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Korea, Today and Tomorrow

S. Korean Government’s N. Korea Policy in 2021



South Korean President Moon Jae-in has entered his fifth and effectively last year in office. In 2021, he is facing daunting tasks ahead, including solving the COVID-19 situation and defusing the confrontation between the presidential office and the prosecution. Promoting the peace process on the Korean Peninsula is another challenging mission amid the rapidly changing global politics. 

South Korean Unification Minister Lee In-young said on Monday that a major breakthrough could be made in inter-Korean relations this year. Here is political commentator Lee Jong-hoon to explain what this means. 

Unification Minister Lee said that in a superhero film Thor, an event known as the Convergence occurs when all nine realms are placed into alignment to cause the strong spirit of the universe to focus on Thor. Citing the movie, he said that he believes a great transition like this or a major breakthrough focused on peace on the Korean Peninsula is ready to begin. I guess he expressed his hopes for a dramatic improvement in inter-Korean relations this year. 

The South Korean government will likely to continue with its policy of appeasement with North Korea this year. The Unification Minister said that North Korea was expecting the South to send a more positive message of dialogue and cooperation. He added that if the two Koreas manage to take a first step toward bilateral cooperation properly in the first half of the year, the Korean Peninsula peace process will be on track in the second half. Judging from his remarks, I imagine the government will work to produce some positive result in inter-Korean ties this year.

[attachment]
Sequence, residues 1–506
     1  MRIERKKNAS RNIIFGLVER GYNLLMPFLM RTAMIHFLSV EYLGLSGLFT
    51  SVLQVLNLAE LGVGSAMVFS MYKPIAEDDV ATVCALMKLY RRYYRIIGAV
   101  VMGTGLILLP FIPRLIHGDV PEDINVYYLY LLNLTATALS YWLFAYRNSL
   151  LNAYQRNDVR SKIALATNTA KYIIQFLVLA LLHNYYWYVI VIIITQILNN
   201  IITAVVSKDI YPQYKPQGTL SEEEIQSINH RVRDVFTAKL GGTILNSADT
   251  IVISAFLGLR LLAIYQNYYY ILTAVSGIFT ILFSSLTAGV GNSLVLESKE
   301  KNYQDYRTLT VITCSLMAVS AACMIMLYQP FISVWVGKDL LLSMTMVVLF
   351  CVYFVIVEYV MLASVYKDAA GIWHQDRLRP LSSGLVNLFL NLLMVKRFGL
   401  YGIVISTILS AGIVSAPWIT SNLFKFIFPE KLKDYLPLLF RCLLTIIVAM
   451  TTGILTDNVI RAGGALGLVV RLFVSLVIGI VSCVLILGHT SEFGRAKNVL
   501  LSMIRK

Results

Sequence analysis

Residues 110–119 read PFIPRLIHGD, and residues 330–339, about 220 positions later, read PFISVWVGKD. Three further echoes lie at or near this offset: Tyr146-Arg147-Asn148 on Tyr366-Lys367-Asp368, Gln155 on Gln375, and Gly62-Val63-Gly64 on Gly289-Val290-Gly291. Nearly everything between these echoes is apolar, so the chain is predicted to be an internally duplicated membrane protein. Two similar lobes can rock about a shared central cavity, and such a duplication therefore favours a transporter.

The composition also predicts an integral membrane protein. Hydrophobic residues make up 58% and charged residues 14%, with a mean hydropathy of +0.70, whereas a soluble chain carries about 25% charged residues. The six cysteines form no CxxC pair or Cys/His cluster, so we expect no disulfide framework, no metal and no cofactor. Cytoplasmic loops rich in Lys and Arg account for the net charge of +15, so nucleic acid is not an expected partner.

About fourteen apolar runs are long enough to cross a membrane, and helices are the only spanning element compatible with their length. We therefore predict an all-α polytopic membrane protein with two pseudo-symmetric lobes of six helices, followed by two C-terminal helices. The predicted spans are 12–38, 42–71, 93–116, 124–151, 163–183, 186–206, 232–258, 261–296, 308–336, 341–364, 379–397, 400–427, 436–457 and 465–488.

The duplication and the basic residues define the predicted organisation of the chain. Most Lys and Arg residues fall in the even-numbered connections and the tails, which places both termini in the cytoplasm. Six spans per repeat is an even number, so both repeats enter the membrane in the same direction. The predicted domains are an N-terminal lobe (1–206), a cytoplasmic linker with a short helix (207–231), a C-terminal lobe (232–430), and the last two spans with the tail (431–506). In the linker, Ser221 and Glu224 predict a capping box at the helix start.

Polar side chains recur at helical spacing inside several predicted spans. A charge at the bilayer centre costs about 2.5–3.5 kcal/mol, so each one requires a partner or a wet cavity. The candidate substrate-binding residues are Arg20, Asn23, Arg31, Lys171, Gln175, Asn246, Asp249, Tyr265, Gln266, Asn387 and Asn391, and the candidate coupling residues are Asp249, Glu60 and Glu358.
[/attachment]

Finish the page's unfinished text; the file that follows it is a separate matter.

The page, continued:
A report said on Monday that North Korea filed an application to get COVID-19 vaccines from an international organization. In fact, the South Korean government has offered to provide COVID-19 vaccines and treatments to North Korea several times, pinning hopes on inter-Korean cooperation in the field of medical and healthcare areas. However, North Korea has remained silent about the offer. 

North Korea still claims to have zero confirmed cases of COVID-19. Yet, the country has reportedly sent an application to receive vaccines from an international vaccine alliance, while it has made no response to South Korean Unification Minister Lee In-young’s comments on Seoul’s possible vaccine aid for the North. 

This means that North Korea has no intention of getting vaccines from South Korea, even if it may ask for a vaccine supply. I think North Korea wants something more than just vaccines, like the resumption of the suspended inter-Korean economic programs at least. North Korea’s lukewarm attitude toward South Korea’s vaccine proposal can be understood in this context.